There is a common belief that women need more sleep than men, but is there any truth to this claim? While it is difficult to make blanket statements about the sleep requirements for an entire gender, research suggests that there may be some differences in sleep needs between men and women. These differences have become more apparent in recent times as sleep studies have broadened their focus to better understand the gender differences in sleep.
To start, it is important to understand what constitutes restorative sleep. This refers to the type of sleep that allows the body to repair and regenerate. It is essential for maintaining physical and mental health, and a lack of restorative sleep can have serious implications for our well-being. Loughborough University
A U.K. study done by researchers at Loughborough University found that women tend to require slightly more restorative sleep than men. James Horne, Director at the U.K. Sleep Research Center, explains “Women’s brains are wired differently, so their sleep need will be slightly greater. Women tend to multi-task—they do lots at once and are flexible, and so they use more of their actual brain than men do.” Multitasking can be mentally and emotionally very draining and this explains why women need more sleep than men.
Gender Differences in Sleep Quality
It is also important to consider the quality of sleep that men and women get. While the amount of time spent asleep is certainly a factor, it is equally important to consider how restful and restorative that sleep is. Research suggests that women are more likely to experience sleep disturbances and insomnia than men with sleep researchers estimating the extent this applies to women at 40% higher than men. Women tend to experience more hormonal fluctuations than men, which can also impact their sleep needs.
More specifically, this is due in part to the hormonal fluctuations that occur throughout a woman’s life such as during the menstrual cycle, pregnancy, and menopause. These fluctuations can impact sleep quality and make it more difficult for women to get the restorative sleep they need on an ongoing basis. Additionally, women are more likely to experience anxiety and depression than men, both of which can contribute to sleep disturbances. Women also tend to carry more caregiving responsibilities than men, which can make it more difficult to prioritize rest and self-care.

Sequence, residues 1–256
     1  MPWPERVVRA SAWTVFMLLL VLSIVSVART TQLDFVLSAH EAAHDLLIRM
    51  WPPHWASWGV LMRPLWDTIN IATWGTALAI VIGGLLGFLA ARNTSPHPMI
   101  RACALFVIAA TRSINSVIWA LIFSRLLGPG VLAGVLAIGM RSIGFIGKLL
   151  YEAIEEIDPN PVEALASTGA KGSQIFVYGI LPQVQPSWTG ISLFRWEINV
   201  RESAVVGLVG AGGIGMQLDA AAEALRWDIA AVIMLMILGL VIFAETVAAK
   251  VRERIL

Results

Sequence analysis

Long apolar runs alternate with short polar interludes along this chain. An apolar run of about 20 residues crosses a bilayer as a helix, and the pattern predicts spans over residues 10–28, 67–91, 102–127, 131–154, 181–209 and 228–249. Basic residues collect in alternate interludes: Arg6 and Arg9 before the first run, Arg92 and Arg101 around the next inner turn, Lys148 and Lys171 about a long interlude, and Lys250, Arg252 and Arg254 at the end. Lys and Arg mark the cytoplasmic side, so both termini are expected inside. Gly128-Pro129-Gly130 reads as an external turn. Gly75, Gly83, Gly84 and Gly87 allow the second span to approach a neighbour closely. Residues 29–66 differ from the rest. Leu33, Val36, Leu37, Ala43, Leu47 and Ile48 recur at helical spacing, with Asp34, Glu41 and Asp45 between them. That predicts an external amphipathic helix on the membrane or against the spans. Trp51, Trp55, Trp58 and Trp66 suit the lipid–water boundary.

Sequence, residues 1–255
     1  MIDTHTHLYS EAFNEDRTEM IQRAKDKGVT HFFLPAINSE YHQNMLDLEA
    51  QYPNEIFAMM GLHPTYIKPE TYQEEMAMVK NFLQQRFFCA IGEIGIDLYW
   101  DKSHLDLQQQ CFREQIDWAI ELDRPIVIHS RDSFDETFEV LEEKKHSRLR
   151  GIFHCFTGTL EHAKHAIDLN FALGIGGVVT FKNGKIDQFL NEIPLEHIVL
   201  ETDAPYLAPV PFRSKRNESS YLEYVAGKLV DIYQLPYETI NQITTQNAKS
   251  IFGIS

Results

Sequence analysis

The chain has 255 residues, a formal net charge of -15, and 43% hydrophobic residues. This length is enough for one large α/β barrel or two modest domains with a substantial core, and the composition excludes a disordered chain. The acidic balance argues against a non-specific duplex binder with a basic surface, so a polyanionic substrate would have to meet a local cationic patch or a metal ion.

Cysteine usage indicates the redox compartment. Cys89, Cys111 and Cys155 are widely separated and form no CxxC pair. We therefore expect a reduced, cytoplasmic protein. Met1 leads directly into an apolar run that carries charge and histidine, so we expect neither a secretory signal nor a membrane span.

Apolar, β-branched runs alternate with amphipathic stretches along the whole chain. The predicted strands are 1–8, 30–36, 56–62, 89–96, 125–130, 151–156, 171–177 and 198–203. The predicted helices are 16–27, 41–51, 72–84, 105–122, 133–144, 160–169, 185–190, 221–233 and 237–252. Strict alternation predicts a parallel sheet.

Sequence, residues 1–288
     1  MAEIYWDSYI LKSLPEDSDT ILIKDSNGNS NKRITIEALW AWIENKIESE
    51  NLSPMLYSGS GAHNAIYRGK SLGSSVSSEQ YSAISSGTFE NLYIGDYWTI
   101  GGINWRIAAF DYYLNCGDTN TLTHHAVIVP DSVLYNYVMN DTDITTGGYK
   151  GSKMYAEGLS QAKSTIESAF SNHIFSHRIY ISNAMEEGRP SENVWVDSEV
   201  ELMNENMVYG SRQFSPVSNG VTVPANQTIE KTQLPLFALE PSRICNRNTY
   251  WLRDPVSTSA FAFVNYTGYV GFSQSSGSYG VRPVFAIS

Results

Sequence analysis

It is also worth noting that men and women may have different sleep schedules due to their Circadian rhythms. While our biological clocks are largely dictated by genetics, there are some general patterns that tend to hold true for men and women. Men tend to have a slightly longer circadian rhythm than women, meaning that they may be more inclined to stay up late and sleep in. Women, on the other hand, tend to have a slightly shorter circadian rhythm, which means that they may feel more alert in the morning and get tired earlier in the evening.
How Much More Sleep Do Women Need?
Another factor to consider is the amount of sleep that men and women need on average. While it is difficult to make broad generalizations about sleep needs, some studies suggest that women tend to need slightly more sleep than men on average. One study found that women need an average of 30 minutes more sleep per night than men. However, it is important to note that sleep needs can vary widely between individuals, regardless of gender. Some people may require more or less sleep than others, and this can be impacted by a variety of factors, including age, lifestyle, and genetics.
It is also worth considering the impact of sleep deprivation on men and women. When we don’t get enough sleep, it can have serious implications for our physical and mental health. Research has shown that sleep deprivation can impact mood, and cognitive function, and even increase the risk of chronic health conditions like heart disease and diabetes.
Negative Aspects of Sleep Deprival in Women
While both men and women can experience the negative impacts of sleep deprivation, research suggests that women may be more susceptible to some of these effects. For example, one study found that women who were sleep-deprived showed more signs of depression and anger than men who were sleep-deprived.
In conclusion, while there may be gender differences in sleep needs and patterns between men and women, it is important to remember that sleep is highly individualized within each gender. Factors like age, lifestyle, and genetics can all impact how much restorative sleep an individual requires. Additionally, it is important to prioritize rest and self-care, regardless of gender, to ensure that we are getting the restorative sleep we need for optimal physical and mental health.
This article is for informational purposes only. It is not, nor is it intended to be, a substitute for professional advice, diagnosis, or treatment. To the extent that this article features the advice of physicians, medical practitioners, or industry experts, the views expressed are the views of the cited expert and do not necessarily represent the views of Gaggler.